The best color is no
color. The finest colorless stone carries a "D" rating, descending through each
letter of the alphabet to Z. Should a diamond have color, it may be seen as
either light yellow, yellow, brown, or gray.
Acting as a prism, a diamond can divide light into a spectrum of colors and reflect this light as colorful flashes called fire. Just as when looking through a colored glass, color in a diamond will act as a filter, and will diminish the spectrum of color emitted. The less color in a diamond, the more colorful the fire, and the better the color grade.
Diamond color is one of the most important factors to consider, as it is noticeable to the naked eye. A diamond’s color is graded on an alphabetical scale from D to Z, with D being absolute colorless ad Z being light yellow. Beyond Z-color, a diamond is considered to be a “fancy” color. Although many diamonds appear to be colorless, the many of them have at least a hint of body color.
A diamond’s color has a significant impact on its value. When buying a diamond, take into consideration that it is often very difficult to detect the difference between a colorless diamond (D to F) and a near colorless diamond (G to J), especially when mounted in jewelry. When directly comparing diamonds for color, most consumers are unable to detect a difference unless they are at least two or three color grades apart. An example of this would be that a "J" color to one person may be seen as either a "G" or "H" color by another person or possibly a "J" or "K" color by yet another. A variance in color can be from many different elements such as the type of light you are viewing your diamond in, the color of the setting that the stone is set in, or the colors surrounding the stone. These are just a few elements that could cause a difference in color. Diamonds that are absolutely clear are the most sought-after and therefore the most expensive. But many diamonds have imperfections – scratches, trace minerals or other tiny characteristics that can detract from the pure beauty of the diamond.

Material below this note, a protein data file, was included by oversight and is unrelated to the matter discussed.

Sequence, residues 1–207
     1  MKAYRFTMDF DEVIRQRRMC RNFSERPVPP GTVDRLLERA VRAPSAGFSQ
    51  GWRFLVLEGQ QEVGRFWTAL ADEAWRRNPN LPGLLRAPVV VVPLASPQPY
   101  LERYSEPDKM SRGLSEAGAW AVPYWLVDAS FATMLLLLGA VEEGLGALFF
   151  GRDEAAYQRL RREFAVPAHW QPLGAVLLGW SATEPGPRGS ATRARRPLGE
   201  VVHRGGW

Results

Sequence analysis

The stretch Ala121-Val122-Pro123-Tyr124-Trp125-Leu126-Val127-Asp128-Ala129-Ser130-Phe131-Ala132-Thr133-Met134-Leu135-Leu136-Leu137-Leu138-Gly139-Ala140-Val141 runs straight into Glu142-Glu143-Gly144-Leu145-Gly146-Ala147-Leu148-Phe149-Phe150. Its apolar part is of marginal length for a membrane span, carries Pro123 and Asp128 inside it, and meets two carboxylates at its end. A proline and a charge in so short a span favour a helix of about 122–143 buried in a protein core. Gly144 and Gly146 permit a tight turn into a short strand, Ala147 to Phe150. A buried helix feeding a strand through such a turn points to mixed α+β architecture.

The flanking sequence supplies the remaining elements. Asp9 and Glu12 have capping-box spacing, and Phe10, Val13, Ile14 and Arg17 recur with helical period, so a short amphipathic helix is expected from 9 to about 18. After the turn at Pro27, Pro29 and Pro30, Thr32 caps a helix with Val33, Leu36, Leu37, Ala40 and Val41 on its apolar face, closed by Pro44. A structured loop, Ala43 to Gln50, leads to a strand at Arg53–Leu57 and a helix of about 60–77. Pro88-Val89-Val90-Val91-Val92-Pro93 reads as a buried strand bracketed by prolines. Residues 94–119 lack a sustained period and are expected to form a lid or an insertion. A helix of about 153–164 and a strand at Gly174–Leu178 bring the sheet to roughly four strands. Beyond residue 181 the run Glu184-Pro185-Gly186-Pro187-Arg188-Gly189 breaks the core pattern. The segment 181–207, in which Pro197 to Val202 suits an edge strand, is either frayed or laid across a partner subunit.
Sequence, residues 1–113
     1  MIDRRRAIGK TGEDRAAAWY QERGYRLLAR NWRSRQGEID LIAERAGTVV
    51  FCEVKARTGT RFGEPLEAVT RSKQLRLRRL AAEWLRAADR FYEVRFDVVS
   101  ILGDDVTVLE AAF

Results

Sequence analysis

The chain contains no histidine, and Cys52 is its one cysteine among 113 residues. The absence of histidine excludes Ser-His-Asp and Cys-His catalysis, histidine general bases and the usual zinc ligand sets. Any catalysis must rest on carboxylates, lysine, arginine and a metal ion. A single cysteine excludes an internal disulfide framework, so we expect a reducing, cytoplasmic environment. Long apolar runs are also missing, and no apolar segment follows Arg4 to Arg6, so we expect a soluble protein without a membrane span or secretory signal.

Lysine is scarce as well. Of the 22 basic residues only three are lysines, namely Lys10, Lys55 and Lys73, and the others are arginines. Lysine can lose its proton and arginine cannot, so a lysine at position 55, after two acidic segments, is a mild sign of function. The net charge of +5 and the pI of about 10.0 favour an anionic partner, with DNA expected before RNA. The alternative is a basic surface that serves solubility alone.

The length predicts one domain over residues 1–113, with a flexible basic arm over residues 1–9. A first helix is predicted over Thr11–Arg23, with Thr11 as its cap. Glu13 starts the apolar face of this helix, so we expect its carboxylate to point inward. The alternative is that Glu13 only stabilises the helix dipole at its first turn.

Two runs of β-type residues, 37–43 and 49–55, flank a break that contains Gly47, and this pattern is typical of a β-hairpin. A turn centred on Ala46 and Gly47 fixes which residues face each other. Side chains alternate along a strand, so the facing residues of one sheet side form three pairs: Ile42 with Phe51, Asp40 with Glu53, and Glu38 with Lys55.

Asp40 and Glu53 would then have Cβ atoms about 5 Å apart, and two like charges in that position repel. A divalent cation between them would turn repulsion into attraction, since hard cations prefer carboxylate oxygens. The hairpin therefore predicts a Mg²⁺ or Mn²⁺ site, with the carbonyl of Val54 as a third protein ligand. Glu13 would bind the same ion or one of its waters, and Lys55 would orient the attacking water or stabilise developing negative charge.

It is often surprising
to learn that diamonds also occur by rare accidents of nature in shades of pink,
blue, green, amber, or even red. These rarely occurring colors are referred to
as fancies and are evaluated by a different set of color standards. These
standards take into consideration various factors such as hue and saturation.
Fancy colored diamonds are the most expensive because of their extreme rarity.
Some fancy colors can cost hundreds of thousands of dollars for diamonds of one
carat or less.
Fluorescence is not directly related to a diamond's color. This separate characteristic refers to the diamond's ability to fluoresce under ultraviolet (UV) light. Our sun emits some UV light, but it is usually not great enough to detect fluorescence. The most common source of UV is a black light. When exposed to UV light, many diamonds will give off a distinctive glowing blue coloration. Although fluorescence may be displayed in various colors, blue is the most common in diamonds. Although fluorescence is a characteristic that can be measured, it is seldom an issue when selecting a diamond. Diamond fluorescence is a complex science, but in the world of diamonds, a fairly straightforward quality grading process. At the end of the day, the “eye is in the beholder” – but note that the highly fluorescent diamond is not necessarily the best.